— -- A 10-year-old double amputee who lost everything in the California wildfires learned how to snowboard from a Paralympic medalist who is also an amputee.
Lilly Biagini, of Santa Rosa, California, spent last week hitting the slopes in Breckenridge, Colorado, with Keith Gabel, a U.S. Paralympian bronze medalist in snowboarding.
Gabel said of his student, “I’ve never met anybody with the spirit that Lilly has.”
“When I turned and I stopped without anybody’s help, it made me feel strong and proud of myself,” Lilly said. “I was really surprised that I did it by myself.”
Lilly, a third-grader, chose to have her legs amputated in 2014 after being born with arthrogryposis multiplex congenital, a condition that prevented her joints from bending.
Lilly and her mom, Jessica Biagini, had to evacuate their home within about five minutes in October when one of the fast-moving wildfires that devastated parts of the Sonoma County area swept through their neighborhood. Their home was destroyed by the fire, along with all of Lilly’s medical equipment.
“Everything that makes Lilly a confident, spunky, sassy little girl she lost,” said Biagini. “She’s very, very proud of who she is and proud to be an amputee. She never wears pants because she wants people to see her prosthetic limbs.”
A San Francisco-based prosthetic company stepped up to offer Lilly a new set of legs for free. Then she got an invitation to attend The Hartford Ski Spectacular in Breckenridge, one of the nation’s largest winter sports festivals for people with disabilities.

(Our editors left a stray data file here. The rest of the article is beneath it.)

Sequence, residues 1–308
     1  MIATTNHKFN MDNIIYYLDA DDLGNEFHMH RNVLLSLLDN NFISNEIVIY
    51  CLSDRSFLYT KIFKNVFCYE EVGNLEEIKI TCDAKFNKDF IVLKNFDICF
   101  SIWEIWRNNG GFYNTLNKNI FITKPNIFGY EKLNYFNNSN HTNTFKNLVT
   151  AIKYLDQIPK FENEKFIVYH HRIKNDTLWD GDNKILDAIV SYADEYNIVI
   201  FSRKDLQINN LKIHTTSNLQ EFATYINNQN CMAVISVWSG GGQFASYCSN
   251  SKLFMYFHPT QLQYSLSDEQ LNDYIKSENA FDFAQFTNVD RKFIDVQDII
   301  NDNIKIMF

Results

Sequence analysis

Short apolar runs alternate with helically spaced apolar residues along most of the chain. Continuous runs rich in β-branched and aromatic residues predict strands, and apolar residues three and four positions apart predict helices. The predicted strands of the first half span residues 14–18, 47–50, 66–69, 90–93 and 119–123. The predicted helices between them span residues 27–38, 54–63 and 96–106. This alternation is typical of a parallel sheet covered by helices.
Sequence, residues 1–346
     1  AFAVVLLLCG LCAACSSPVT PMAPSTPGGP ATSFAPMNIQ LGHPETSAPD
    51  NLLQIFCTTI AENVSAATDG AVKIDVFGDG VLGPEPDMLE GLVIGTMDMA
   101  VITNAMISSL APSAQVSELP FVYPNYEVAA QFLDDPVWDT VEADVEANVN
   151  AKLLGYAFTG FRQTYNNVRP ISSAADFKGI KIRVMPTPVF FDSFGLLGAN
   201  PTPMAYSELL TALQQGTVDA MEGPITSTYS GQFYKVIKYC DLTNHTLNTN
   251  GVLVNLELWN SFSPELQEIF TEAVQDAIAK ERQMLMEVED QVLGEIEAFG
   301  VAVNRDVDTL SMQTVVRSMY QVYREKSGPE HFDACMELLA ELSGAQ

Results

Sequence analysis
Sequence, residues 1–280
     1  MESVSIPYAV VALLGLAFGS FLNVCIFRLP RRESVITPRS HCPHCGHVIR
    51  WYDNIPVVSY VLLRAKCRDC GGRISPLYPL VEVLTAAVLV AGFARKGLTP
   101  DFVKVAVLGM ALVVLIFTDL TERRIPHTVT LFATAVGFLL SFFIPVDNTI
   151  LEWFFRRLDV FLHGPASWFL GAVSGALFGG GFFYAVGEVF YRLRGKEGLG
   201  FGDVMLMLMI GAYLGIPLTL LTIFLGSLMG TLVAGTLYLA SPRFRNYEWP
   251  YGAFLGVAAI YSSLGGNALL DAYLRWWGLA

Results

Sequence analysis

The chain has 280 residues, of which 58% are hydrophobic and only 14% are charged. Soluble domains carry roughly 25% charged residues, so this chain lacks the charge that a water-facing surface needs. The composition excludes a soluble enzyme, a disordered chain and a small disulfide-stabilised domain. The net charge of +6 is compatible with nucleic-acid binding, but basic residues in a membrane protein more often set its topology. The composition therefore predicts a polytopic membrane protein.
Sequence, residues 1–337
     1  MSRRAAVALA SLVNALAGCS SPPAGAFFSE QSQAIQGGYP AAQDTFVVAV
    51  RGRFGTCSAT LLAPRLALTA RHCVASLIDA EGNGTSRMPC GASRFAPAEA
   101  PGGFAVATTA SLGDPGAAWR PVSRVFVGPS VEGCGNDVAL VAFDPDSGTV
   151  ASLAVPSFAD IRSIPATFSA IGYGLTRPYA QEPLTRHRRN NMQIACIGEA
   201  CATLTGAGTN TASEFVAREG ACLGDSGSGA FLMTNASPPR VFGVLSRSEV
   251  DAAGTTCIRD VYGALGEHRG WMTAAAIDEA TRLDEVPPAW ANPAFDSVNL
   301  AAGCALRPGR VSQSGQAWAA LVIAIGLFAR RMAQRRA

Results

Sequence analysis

Instead of skiing, Lilly decided to tackle snowboarding, something she hadn’t tried before.
“When I was introduced to her, her jaw just dropped,” recalled Gabel, 33, who said Lilly picked up the essentials of snowboarding within one hour of lessons. “Her level of excitement for this whole thing and her gratitude, I don’t have the vocabulary to express those feelings.”
Lilly said her favorite part of the experience was, “Being free and being with Keith.”
“He told me to keep working hard and help yourself and be proud of yourself,” Lilly said of Keith. “I’m so amazed and very, very grateful … for being here with everybody and being alive.”
During their time on and off the slopes, Lilly and Gabel had the chance to talk about the more serious near-death experience Lilly went through during the fire.
“She has a very vivid memory of the whole thing and I think that’s going to stick with her for a long time,” Gabel said. “And to see how she’s handled it so far, it’s empowering. It really is.”
Gabel is now working with the Utah-based prosthetic company he uses to get more prostheses made for Lilly. He said the equipment Lilly lost in the fire is likely upwards of $100,000 and can “make or break” an amputee who has to go without it.
"I’ll use my [frequent flyer] miles and purchase her and my mom plane tickets to Utah," said Gabel, who is based in Utah. "I know how important it is to have good fitting sockets and also have the components to go with it."
He added of Lilly, "She really inspires me. She really does invoke that will to prevail.”